Pamela Chestek, as is her wont, asks a great question in this post.  As usual, however, before repeating her question we need the background, to wit (footnotes omitted):

The Office of the Lieutenant Governor for Louisiana owns a state trademark registration for LOUISIANA PICK YOUR PASSION:

Louisiana trademark

The Louisiana Department of Culture, Recreation and Tourism, which is under the Office of the Lieutenant Governor, also registered the word mark PICK YOUR PASSION with the United States Patent and Trademark Office. used the trademark on a billboard critical of the Governor of Louisiana:Louisiana Jindal MoveOn billboard

If you can’t read it, the billboard says “Pick your passion! But hope you don’t love your health. Gov. Jindal’s denying Medicaid to 242,000 people.”

Because politicians do not appear to be able to take criticism gracefully, the Lieutenant Governor sued for trademark infringement. One argument was that since the Lieutenant Governor was the owner of the mark, it was not a lawful parody because the Governor, not the Lieutenant Governor, was the target of the message.

So that’s an interesting concept—is it true that the “parody” use of a trademark has to be about the owner of the mark?

According to the court, no: …

The State argues that’s billboard does not criticize the owner of the mark, the State of Louisiana, but rather it criticizes Governor Bobby Jindal. Essentially, the State argues that the target of’s parody (Governor Jindal) is not the holder or owner of the mark (the State). The question is whether the disconnect between the owner of the mark and the target of the parody creates viewer confusion. In other words, is a motorist viewing the billboard likely to conclude that the State of Louisiana is criticizing Governor Jindal. The Court thinks not.

It doesn’t matter who the owner is because the question is whether anyone is confused and clearly, here, no one would be.

OK, first thing:  Case was an obvious stinker, and the court had no difficulty recognizing it.  This is not a trademark infringement case; isn’t even using the trademark as a trademark.  (Query:  Is Louisiana?) This was protected speech under the First Amendment of the most classic kind.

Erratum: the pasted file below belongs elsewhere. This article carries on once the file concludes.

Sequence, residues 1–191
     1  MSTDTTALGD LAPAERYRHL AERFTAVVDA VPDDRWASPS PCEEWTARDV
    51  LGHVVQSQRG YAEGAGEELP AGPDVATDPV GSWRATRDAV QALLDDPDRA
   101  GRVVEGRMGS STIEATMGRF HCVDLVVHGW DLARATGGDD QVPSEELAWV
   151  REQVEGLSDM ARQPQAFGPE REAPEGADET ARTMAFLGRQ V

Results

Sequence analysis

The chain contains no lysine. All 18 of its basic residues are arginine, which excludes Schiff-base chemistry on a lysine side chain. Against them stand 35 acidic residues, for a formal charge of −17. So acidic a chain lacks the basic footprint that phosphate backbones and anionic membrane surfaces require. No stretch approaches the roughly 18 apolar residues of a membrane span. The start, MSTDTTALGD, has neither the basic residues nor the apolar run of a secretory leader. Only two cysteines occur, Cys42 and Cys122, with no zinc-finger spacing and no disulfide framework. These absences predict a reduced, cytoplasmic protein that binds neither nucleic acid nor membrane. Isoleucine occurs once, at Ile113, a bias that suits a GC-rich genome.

But Pamela raises a couple of other interesting issues.  Can You Monitor Me NowFirst:

[Y]ou can see what an aggravating problem [this] could be for an otherwise-uninvolved trademark owner. What if the billboard had said “Can You Hear Me Now? Vote Gov. Jindal out of office for denying Medicaid to 242,000 people.” I suspect the likelihood is low that anyone would think that Verizon was related to an ad critical of the Governor of Louisiana, but Verizon would nonetheless be unhappy about it.

My first inclination is to respond that Verizon would probably nonetheless have a pretty good dilution claim; its CAN YOU HEAR ME NOW trademark is certainly famous (i.e., it qualifies for federal dilution protection), which is why Pamela chose it as an example. Girl Scout v Personality PostersWhat about her broader question, however?  Does the Lanham Act — forgetting dilution, itself arguably nothing more but the evil spawn of real trademark infringement — protect trademark owners against unhappiness?

The question, of course, is rhetorical; Pamela knows the score, and so does any Girl Scout.

Second question: “Any guesses why the State filed in federal court instead of state court?”  My legal-realist guess is that the State of Louisiana executive thought it would have a better chance at enjoying some home-cooked Cajun fare in a State of Louisiana courthouse than in the halls of a judiciary whose officers have lifetime tenure.  It didn’t help”  Regardless of where it was served, this case — like most cases that try to use trademarks as a lever for controlling expression should be — was a recipe for disaster.

By Ron Coleman

I write this blog.

2 thoughts on “Can you parody me now?”
  1. Is the suggestion of your reference to the Girl Scout poster case that the Lanham Act will not provide any recourse for the mark owner (i.e., the part of the third part) who is aggrieved by the unauthorized use of its mark as the mere vehicle for criticism of a party of the second part? Even if the Lanham Act does not expressly, courts are typically much less reluctant to enjoin use of a mark when that use is merely a vehicle to poke fun at someone else (the ol’ parody vs. satire thing). No?

    1. Well, courts unfortunately are not nearly as reluctant as they should be about a lot of claims in this department. In Girl Scouts the key point is that the use was neither a competitive one nor was there a likelihood of confusion.

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